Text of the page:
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23230Re: fun stuff in everything I touch

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  • Evan
    Oct 30, 2011
      I think I have a LARGE looseleaf book, probably 40 yrs old, of
      IBM scientific subroutine package written in FORTRAN. MARCH can have it for their library.
      Evan W

      --- In midatlanticretro@yahoogroups.com, system@... wrote:
      > "Jeff Jonas" <jeff_s_jonas@...> writes:
      > >Rolf Levenbach donated some wonderful things to MARCH. I was reading
      > >about = the Bellmac 8 CPU and will soon post a web page about the
      > >interesting archi= tectural gems in that chip that other processors
      > >re-discovered years later,= such as register windowing.
      > >
      > >I'll soon forward the 1975 book "Programming Languages: Design and
      > >Implemen= tation" by Terrence W. Pratt to the MARCH library. It is SO
      > >70s: discusses = FORTRAN, ALGOL 60, COBOL, PL/I, LISP 1.5, SNOBOL 4, APL
      > >
      > >Who'd imagine that ALL those languages would become obsolete?
      > Obsolete?
      > I still come across sites using Fortran; especially, those doing scientific
      > research because of the powerful intrinsic mathematical functions available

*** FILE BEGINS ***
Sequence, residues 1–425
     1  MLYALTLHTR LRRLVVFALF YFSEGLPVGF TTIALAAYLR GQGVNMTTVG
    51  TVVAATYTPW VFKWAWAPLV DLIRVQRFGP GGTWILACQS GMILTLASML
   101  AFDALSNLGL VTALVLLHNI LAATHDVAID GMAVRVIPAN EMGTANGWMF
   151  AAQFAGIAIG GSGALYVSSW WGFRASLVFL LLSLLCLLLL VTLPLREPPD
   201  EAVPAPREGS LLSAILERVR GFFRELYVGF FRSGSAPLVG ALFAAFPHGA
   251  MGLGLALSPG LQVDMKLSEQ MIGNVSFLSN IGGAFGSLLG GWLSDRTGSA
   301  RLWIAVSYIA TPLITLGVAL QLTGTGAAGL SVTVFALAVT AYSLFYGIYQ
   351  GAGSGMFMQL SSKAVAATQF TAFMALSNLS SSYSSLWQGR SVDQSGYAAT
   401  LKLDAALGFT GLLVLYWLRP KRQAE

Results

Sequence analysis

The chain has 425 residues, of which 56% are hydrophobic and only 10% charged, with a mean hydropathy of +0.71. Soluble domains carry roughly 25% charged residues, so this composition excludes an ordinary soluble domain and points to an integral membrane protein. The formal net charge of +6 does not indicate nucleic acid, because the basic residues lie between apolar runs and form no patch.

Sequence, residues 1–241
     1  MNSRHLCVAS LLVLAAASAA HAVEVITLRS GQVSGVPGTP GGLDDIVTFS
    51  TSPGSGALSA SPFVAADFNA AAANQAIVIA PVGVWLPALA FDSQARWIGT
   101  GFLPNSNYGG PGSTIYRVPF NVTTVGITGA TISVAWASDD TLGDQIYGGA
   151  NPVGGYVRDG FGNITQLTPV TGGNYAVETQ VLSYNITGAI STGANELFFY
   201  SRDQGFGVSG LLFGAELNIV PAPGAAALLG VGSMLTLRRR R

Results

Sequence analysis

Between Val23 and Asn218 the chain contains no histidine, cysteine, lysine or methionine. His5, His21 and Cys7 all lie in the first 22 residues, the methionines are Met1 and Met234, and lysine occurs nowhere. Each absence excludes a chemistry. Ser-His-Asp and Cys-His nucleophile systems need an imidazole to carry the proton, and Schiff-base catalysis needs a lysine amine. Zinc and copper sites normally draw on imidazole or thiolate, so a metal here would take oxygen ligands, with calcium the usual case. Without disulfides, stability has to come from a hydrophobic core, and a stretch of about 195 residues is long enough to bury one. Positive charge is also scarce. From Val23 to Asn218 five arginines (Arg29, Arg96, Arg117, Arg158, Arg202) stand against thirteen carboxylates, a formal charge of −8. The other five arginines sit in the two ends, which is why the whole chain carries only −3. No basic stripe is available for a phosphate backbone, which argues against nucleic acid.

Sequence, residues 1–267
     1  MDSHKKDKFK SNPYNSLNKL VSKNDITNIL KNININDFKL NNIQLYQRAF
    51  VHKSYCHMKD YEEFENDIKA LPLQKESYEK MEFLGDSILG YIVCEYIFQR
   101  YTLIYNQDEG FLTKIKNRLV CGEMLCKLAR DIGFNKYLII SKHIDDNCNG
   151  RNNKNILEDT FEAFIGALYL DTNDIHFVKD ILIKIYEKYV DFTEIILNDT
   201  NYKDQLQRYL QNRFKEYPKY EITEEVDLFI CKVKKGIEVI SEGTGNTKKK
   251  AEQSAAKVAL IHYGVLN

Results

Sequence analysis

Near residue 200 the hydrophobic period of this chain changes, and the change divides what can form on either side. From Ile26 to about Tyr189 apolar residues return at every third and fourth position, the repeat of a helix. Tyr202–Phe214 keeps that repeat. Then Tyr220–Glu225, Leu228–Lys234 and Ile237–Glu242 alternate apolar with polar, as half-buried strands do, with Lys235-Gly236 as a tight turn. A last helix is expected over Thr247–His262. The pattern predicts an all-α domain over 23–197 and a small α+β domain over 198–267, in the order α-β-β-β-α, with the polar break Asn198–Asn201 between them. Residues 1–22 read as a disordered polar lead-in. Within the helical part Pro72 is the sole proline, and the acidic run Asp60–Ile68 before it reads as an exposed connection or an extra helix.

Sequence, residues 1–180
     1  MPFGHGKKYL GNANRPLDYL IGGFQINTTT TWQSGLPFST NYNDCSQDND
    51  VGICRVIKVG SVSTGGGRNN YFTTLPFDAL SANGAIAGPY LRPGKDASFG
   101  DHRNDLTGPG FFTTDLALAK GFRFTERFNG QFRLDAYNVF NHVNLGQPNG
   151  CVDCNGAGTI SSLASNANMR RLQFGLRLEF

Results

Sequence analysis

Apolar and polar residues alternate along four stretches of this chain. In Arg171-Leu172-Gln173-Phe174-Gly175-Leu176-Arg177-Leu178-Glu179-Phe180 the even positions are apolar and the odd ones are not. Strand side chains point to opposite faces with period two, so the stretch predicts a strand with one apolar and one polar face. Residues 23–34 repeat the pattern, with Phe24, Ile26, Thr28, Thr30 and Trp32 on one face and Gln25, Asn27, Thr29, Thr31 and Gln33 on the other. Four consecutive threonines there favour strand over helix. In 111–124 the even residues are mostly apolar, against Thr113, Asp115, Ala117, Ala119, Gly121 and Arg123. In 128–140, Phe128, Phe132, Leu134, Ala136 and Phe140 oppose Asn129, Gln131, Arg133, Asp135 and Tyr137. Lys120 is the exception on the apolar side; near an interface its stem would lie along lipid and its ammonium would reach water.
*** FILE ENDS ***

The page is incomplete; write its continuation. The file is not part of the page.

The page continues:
> in Fortran. Fortran 90, IIRC, added modern features like POINTER and the
      > ALLOCATABLE types. I did, however, have both of these available to me in
      > Fortran-77 when I consulted on a project for the US Navy in the early '80s
      > with DEC Fortran.
      > PL/I and, moreso, COBOL are still quite popular in the financial/business
      > realm. In fact, I have my hands in a huge installation, soon to go live,
      > for a major "transportation" product's logistics. It has all been written
      > in COBOL save for some pieces of "glue" requiring O/S interfacing (I wrote)
      > to provide user authentication, impersonation, security and several other
      > things that COBOL app coders simply don't comprehend.
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